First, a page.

If you’re having sexual difficulties in your relationship, you and your partner can go visit with a sex therapist. The therapist can talk with you about what’s going on, chat about what your sex life is like and give you constructive homework to do together, like sensate focus.
Then you and your partner can do these exercises together to fix years of bad habits and create new means of sexual communication.
But what if you don’t have a partner? What if you have been so focused on other things that you never got around to dating or having sex? What if you’re only experience with sex is in the context of hookups and one night stands? What if you’re an adult who has a sexual dysfunction (like ejaculating far sooner than you’d like or being unable to orgasm) but no serious relationship? Then who are you supposed to practice with?
A surrogate partner (formerly known as a sex surrogate), works in tandem with a sex therapist to help in these exact situations. Mark Shattuck happens to be not only a surrogate partner for both male and female clients, but also a representative for the International Professional Surrogates Association.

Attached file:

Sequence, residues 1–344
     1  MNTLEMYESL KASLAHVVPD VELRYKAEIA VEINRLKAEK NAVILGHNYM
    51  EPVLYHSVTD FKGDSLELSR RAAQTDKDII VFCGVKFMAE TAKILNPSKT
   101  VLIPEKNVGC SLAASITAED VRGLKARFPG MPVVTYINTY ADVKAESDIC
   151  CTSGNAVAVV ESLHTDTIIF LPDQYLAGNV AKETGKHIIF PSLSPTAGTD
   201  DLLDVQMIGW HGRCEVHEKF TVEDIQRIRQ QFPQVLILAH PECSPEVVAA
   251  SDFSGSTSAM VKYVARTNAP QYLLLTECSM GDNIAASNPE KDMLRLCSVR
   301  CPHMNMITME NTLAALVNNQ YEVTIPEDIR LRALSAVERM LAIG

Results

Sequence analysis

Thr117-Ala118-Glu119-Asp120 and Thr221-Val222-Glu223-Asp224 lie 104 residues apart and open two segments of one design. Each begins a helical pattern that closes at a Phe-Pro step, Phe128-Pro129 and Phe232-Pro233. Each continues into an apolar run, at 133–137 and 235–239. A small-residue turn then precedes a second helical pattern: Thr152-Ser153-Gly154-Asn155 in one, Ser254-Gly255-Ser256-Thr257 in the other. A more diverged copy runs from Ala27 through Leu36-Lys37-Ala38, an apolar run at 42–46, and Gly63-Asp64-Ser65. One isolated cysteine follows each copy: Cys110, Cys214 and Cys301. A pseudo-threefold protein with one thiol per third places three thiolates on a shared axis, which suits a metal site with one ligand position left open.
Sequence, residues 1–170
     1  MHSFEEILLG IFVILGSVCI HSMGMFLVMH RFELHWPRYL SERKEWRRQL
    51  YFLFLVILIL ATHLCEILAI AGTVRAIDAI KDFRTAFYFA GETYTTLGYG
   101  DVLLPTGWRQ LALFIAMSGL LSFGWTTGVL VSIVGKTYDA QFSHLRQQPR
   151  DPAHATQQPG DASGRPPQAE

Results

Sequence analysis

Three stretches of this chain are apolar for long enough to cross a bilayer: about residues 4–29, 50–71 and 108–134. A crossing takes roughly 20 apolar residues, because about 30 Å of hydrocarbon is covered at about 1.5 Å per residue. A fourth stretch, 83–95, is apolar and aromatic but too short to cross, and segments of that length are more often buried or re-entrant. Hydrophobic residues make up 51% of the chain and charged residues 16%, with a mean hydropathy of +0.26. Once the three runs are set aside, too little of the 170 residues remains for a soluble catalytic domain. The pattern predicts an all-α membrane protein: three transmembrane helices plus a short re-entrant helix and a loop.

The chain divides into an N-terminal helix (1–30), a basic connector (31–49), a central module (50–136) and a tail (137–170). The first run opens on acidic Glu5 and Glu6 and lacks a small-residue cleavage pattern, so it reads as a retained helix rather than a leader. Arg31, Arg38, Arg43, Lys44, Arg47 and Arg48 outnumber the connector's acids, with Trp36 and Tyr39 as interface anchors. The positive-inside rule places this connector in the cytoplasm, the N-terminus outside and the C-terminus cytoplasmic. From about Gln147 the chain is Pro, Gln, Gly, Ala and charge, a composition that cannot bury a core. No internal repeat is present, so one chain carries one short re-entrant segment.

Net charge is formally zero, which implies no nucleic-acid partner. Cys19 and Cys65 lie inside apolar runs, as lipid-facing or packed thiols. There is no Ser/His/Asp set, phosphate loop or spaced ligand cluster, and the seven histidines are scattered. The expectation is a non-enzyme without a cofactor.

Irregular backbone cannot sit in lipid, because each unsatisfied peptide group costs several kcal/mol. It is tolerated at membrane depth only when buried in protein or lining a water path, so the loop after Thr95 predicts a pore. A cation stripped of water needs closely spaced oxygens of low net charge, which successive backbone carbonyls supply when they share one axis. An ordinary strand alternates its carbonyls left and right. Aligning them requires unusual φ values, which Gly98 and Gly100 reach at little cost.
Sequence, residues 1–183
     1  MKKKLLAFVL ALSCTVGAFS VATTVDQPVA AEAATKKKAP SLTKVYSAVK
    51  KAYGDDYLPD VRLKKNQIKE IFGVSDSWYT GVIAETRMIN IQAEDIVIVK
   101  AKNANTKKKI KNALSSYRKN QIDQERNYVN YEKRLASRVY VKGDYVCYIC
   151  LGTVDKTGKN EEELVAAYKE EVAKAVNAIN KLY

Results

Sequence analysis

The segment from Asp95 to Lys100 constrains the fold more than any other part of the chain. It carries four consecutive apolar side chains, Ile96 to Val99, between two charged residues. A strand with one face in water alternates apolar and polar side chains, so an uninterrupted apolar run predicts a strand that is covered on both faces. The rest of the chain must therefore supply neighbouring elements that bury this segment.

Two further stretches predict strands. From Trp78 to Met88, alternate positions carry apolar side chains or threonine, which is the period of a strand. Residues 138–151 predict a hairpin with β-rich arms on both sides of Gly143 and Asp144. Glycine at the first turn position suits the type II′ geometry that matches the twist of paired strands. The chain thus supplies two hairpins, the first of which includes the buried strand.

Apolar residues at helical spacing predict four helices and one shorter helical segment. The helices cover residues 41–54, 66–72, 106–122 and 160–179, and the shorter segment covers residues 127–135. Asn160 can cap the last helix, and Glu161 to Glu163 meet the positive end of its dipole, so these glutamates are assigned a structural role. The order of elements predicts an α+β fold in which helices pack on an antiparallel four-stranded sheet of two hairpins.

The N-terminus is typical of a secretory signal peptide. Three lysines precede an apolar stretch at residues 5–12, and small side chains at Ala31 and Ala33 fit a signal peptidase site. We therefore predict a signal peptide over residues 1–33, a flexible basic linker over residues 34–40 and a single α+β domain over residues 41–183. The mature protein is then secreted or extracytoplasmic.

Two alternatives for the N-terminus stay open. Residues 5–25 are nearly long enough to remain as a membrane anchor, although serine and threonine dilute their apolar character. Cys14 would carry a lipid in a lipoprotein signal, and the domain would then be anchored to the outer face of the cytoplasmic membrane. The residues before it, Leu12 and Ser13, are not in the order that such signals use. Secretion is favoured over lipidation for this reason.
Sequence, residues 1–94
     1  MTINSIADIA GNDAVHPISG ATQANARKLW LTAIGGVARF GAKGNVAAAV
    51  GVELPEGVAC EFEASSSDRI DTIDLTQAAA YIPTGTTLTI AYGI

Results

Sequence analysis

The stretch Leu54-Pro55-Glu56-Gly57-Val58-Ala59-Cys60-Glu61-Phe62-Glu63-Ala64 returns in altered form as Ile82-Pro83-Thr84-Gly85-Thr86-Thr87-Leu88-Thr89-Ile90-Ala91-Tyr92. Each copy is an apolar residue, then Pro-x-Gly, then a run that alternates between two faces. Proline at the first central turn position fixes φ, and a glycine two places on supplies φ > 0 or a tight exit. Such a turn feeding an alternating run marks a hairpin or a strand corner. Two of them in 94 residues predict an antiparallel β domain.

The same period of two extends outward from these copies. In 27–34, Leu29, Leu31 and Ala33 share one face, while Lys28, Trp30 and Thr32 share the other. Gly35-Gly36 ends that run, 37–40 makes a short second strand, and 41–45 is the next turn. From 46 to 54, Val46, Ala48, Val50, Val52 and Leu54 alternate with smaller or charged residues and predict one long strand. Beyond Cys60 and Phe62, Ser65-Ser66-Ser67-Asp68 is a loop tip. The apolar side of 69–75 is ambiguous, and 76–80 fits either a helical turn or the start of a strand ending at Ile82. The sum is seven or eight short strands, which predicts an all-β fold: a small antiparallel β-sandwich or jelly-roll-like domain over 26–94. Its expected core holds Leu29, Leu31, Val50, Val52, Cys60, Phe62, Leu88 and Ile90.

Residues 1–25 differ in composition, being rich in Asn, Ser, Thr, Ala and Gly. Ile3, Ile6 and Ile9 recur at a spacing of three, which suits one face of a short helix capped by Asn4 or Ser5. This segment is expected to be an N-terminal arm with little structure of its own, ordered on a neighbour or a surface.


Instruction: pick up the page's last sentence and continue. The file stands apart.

He explains more about the purpose of surrogacy and answers a lot of great questions, including:
- What problems can a surrogate help with?
- What are the legal and ethical considerations?
- What actually happens in a surrogacy session?
- How does being a surrogate affect your personal life?
- How does a surrogate handle the feelings they have for clients and vice versa?
- Who should look into using a surrogate partner?
- What about LGBT people? What are their options?